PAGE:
Arm has announced a set of milestones that set the stage for a further push into the server CPU market.
The company this week revealed that Microsoft Azure servers and virtual machines powered by Arm-based Ampere processors now adhere to SystemReady standards.
Effectively, this means software also designed to the same specification is guaranteed to function as intended in Arm-based Azure cloud environments, an important consideration for development teams.
Arm takes on the server market
Traditionally, Arm-based processors have been found predominantly in smartphones and IoT endpoints, because of the strong power consumption to performance ratio they deliver. Meanwhile, the server and workstation market has been dominated by Intel’s x86 architecture.
However, Arm has recently begun to muscle its way into the datacenter with its Neoverse platform, which now underpins a host of performance-centric chips.
Cloud vendors like AWS and Alibaba have also discovered the performance advantages of developing their own custom ARM-based silicon, instead of leaning solely on Intel Xeon and AMD EPYC CPUs, based on x86. There is evidence to suggest companies like Microsoft and Meta will soon follow suit.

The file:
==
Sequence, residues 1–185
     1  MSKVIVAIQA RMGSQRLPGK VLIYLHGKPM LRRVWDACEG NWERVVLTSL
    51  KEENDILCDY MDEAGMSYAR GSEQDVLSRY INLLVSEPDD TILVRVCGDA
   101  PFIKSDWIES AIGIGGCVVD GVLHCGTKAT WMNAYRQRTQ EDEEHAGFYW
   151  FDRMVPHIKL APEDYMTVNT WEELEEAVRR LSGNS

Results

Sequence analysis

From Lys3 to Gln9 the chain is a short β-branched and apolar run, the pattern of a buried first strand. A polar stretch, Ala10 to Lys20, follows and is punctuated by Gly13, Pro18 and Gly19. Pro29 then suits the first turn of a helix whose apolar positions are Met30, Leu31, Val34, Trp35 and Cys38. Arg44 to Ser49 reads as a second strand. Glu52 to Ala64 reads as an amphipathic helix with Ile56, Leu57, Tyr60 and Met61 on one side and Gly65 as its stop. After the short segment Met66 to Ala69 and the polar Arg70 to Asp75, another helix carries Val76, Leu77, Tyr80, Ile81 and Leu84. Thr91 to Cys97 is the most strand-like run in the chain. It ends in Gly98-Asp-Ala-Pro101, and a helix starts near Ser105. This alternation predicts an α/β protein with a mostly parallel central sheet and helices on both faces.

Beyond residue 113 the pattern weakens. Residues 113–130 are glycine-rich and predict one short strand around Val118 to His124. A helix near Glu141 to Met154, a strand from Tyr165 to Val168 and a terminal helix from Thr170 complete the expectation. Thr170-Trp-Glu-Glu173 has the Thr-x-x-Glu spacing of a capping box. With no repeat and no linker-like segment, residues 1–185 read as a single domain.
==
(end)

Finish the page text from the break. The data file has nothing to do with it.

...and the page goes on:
The latest data from Omdia shows Arm-based CPUs are currently found in roughly 5% of servers, but the company expects to make significant headway in the coming years as heavy investment begins to bear fruit.Read more
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Speaking to TechRadar Pro at MWC 2022 earlier this year, the company’s SVP Infrastructure Chris Bergey explained why the company is so well-positioned to accelerate into the server space.
“With Arm, cloud providers are finding they can get more compute, because they can put more cores in a power envelope. And we’re just at the tip of the iceberg,” he told us.
“This is a ‘show me’ kind of market. If you’ve got the performance and value proposition, companies are highly incentivized to consider alternatives - and the market share will take care of itself.”
One of the few remaining stumbling blocks for Arm is software support, a problem that SystemReady standards are designed to resolve.
With Microsoft becoming the first major cloud vendor to embrace the new set of certifications, first introduced back in 2020, Arm will hope the rest will now fall in line.
Via The Register